Our passion fruit vine is another big hit! It has only ever fruited twice then died off for the winter when we would usually cut it back. At the end of its second fruiting and only because I keep my worm farms under its canopy, I started tipping half to a litre of liquid, undiluted, straight from the tap, around the base of the vine. It "should" be in its dormant phase but it is on its 3rd fruiting and producing so much fruit, we have had to pulp, bag and freeze it.

So, should I be diluting this liquid? Is this liquid worm tea? Or what is it? To me it is liquid gold and has done more good to my plants than any apparent organic solution I have purchased in the past.
So much so, that I am in the process of building a greenhouse where I plan on growing my herbs and some veg in nothing but worm castings mixed with some mushroom mulch and feeding them nothing but the liquid from my worm farms. Over kill? Maybe? Maybe not. Pure organic YES! and if the results I have got so far are a sign of what will become of my greenhouse, then I look forward to it.

Proof is in the pudding and my puddings "plants" are better than ever!

Annette: Australia

Jul 16, 2013
To Tea or Not To Tea?
by: Pauly

Hey Annette,

Your story is exciting and gives many visitors encouragement. I think that what you're doing is awesome and I say, "Keep it up!".

I tell many people to "use it" and also to "throw it out".

Some say to never use it and others say that you can't go wrong so there is much confusion all over.

I'll try to explain my point of view as best I can.

First you need to understand that not every worm bin is created equal. Not every worm bin has the same:

1. Temperature
2. Moisture
3. Foods
4. Ventilation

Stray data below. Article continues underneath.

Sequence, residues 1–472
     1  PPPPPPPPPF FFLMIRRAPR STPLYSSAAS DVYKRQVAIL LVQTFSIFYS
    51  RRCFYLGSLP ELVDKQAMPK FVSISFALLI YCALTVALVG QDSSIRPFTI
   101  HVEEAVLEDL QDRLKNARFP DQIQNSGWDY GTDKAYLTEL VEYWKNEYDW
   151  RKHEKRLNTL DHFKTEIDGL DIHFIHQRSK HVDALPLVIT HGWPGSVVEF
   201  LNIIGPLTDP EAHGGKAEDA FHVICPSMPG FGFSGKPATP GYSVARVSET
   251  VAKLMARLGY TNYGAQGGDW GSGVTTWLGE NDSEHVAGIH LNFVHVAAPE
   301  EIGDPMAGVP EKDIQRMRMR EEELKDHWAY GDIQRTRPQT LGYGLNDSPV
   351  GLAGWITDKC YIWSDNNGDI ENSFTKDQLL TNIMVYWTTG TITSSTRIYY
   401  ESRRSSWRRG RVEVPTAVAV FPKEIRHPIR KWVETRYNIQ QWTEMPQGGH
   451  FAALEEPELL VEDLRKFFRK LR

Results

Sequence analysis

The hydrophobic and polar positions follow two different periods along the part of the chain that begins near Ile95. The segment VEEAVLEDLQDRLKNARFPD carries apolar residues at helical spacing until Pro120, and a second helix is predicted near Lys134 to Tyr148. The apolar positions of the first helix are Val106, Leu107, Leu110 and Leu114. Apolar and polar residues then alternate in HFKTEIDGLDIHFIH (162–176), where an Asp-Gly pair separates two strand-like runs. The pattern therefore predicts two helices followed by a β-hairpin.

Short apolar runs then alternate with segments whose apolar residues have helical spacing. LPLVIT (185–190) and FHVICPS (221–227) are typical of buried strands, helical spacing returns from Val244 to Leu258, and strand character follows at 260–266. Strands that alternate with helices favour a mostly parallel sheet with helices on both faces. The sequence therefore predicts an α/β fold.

5. C:N Ratio
6. Darkness
7. Microbial Community &
8. Worm Farmer ;)

Your bin, Annette, had all the right variables from the get go.

If a worm bin becomes out of balance then the unbeneficial microbes will get out of control and end up dominating the leachate that's collected from the bottom of the bin.

This can be foul smelling, acidic, and highly anaerobic yet some still can get away with this and have success using the leachate.

But because the leachate contains both good and bad microbes the good end up out numbering eventually due to the beneficial environment the leachate is poured into.

But this will not always be the case and when it doesn't go right for many people I would feel bad because I told them to use it.

But Creating Worm Tea is so much more beneficial than the best leachate. It's a controlled environment and you know exactly what's in it. I've never heard any nightmares from Worm Tea.

So keep doing what your doing. It's working for you and enjoy the fruits of your labor.


Aug 19, 2015
To tea or not to Tea
by: Gardener

I personally think that the results of using worm tea depend on variables like Pauly said. I am currently conducting an experiment on vermiculture and vermicomposting so any contribution in this subject is very useful.
Thank you.

May 27, 2018
Worm fluid
by: Troy Hermes-Smith

The stories i’m reading are so true!

My father was a proud worm farm activated in the late 90’s after a horrible work accident. He healed his body and mind in the garden.
My father swore by the the "Worm Piss" (pardon my language) he use to call it. It’s a great organic pesticides also the best fertiliser. Not sure on the tea! I’ll stick to lemon and ginger.

There was a sign out the front of our south west Brisbane acreage home , saying: worm fluid for sale... our school bus arrived at the front of our house. So We were the worm pee family.

Mar 17, 2019
More on Worm Tea vs Leachate
by: Pauly


Thank you for your input.


That's a very interesting about your worm piss story :)

See my pages on Worm Tea

Worm Tea

Leachate vs Worm Tea

Making Worm Tea Tutorial

My Book
How I Use Tea and Castings